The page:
I just finished week 16 of my Chicago Marathon training.  Only 1 week until the race (10/10/10).  I'm in heavy taper mode this week.  I'm running 3 miles on Tuesday, 4 on Wednesday, and 3 on Thursday.  Then I will take off Friday (travel day to Chicago) and Saturday.  Hopefully I'll be fresh for race day.  The forecast looks dry, with a temperatures projected to be in the low 70s.  Uh oh.  The low the night before is projected to be in the mid 50s, so hopefully with a 7:30 A.M. race start time, so hopefully it will be cool at the start.  Of course we all know that weather projections a week out are worthless, but all marathon runners look at repeatedly to get the latest updates.

I had a good week of training for week 16.  I ran 5 times, 27 miles (5.2, 6, 5, 3, and 8 miles).  I feel good, although my right knee/IT band started hurting yesterday and I caught a cold on Friday too.  My 3rd marathon taper and my third cold during the marathon taper.  Oh well.  I also got my New York Road Runners volunteer event done this week by volunteering for the 1.7 mile Norway Run (my friend JS came in second overall with a 5:01 per mile pace - he is awesome!) and the 13.1 mile Grete's Gallop half marathon.  Since I have run 9 races and volunteered for 1 race in 2010, I now have automatic entry into the 2011 New York City Marathon.  Totally sweet!!!!!!!!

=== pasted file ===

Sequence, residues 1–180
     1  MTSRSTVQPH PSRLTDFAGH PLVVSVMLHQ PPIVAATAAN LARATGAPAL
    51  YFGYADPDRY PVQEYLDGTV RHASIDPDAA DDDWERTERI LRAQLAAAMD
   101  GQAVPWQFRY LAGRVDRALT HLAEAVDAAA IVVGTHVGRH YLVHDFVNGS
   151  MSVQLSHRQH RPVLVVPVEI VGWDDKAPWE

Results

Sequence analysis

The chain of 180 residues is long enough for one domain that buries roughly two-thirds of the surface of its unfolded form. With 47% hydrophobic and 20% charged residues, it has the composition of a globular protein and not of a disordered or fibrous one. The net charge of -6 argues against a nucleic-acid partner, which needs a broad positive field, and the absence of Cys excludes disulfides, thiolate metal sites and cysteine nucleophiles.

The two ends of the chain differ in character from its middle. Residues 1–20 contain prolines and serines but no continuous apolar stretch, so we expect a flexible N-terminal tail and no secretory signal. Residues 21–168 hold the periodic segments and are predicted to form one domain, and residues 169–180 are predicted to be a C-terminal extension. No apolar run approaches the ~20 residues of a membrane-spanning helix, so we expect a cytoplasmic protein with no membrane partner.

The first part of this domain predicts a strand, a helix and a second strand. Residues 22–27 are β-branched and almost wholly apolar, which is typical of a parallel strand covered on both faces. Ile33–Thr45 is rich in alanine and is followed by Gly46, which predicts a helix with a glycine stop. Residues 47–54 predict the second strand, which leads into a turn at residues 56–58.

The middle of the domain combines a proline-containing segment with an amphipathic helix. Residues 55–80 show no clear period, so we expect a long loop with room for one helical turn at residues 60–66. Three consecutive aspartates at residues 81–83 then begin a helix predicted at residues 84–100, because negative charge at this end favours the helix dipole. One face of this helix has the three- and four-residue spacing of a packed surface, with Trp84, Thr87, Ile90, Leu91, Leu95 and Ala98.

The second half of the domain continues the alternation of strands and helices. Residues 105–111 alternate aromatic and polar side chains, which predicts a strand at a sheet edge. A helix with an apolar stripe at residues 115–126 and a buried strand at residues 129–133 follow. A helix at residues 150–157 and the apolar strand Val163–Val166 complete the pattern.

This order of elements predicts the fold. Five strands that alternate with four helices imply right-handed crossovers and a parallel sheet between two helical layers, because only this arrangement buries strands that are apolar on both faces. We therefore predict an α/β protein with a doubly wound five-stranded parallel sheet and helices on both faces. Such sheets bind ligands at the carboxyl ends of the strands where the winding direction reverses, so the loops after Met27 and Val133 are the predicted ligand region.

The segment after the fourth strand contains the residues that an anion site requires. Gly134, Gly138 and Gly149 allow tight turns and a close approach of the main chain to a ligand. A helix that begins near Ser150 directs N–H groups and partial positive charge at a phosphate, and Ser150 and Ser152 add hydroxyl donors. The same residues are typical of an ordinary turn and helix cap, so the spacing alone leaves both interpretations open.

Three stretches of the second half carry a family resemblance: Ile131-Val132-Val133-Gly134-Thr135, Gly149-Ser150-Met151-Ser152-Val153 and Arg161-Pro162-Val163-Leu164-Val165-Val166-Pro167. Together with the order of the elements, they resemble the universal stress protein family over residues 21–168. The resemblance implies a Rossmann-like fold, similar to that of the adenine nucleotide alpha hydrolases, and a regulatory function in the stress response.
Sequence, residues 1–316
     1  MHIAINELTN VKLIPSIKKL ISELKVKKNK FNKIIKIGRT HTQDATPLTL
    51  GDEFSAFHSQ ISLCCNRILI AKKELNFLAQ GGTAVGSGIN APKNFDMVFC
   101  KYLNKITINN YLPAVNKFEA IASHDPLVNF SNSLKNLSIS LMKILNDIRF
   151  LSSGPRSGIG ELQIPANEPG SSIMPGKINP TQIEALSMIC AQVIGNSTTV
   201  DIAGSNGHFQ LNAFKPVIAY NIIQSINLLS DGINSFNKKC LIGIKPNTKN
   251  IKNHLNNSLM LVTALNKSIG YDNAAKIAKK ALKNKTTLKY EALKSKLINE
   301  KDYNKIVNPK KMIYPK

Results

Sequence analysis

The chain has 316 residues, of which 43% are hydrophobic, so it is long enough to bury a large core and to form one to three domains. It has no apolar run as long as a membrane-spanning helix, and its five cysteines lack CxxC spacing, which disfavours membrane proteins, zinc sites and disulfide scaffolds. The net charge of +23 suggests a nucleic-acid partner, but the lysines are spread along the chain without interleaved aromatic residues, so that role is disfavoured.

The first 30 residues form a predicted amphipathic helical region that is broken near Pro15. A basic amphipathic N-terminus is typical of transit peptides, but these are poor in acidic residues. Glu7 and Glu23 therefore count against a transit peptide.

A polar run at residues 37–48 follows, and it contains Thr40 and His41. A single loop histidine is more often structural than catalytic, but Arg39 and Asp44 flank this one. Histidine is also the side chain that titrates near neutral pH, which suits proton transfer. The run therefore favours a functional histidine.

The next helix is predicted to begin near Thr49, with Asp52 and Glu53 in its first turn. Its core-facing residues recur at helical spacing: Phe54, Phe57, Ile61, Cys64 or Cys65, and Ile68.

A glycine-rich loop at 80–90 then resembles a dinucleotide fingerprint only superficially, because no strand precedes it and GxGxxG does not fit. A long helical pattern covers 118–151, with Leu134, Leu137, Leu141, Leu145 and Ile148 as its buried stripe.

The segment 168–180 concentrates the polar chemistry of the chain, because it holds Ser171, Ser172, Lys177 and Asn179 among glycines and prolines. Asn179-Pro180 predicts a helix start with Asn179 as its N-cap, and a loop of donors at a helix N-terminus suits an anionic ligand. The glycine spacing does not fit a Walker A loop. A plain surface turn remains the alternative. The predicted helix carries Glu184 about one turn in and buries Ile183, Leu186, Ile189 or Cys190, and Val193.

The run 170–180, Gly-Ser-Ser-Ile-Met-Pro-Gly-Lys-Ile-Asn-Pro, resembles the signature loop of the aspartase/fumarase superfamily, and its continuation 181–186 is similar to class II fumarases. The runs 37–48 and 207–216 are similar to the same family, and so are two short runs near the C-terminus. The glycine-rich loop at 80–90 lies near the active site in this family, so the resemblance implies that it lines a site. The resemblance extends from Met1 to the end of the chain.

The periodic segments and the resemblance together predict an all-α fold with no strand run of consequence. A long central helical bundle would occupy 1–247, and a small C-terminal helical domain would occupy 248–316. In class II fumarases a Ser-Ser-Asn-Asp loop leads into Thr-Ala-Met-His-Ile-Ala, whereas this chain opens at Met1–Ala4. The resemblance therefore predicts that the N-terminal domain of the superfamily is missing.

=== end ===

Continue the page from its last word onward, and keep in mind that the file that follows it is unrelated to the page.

Over the last week, I listened to my body and ran easy, letting my body dictate my speed.  What's funny is that all of my easy runs have gotten much faster over the last few weeks.  3 of my 5 runs were done at a sub 8 minute pace (5.2 miles at 7:58 pace, 6.04 miles at 7:49 pace, and 8 miles at a 7:42 pace).  My other 2 runs were 5 miles at an 8:25 per mile pace (in Washington DC, where I stopped to take a lot of pictures) with a moving average of 8:02 per mile and a very easy 3 miles at 8:39 pace.  No question that my fitness level is at its peak right now.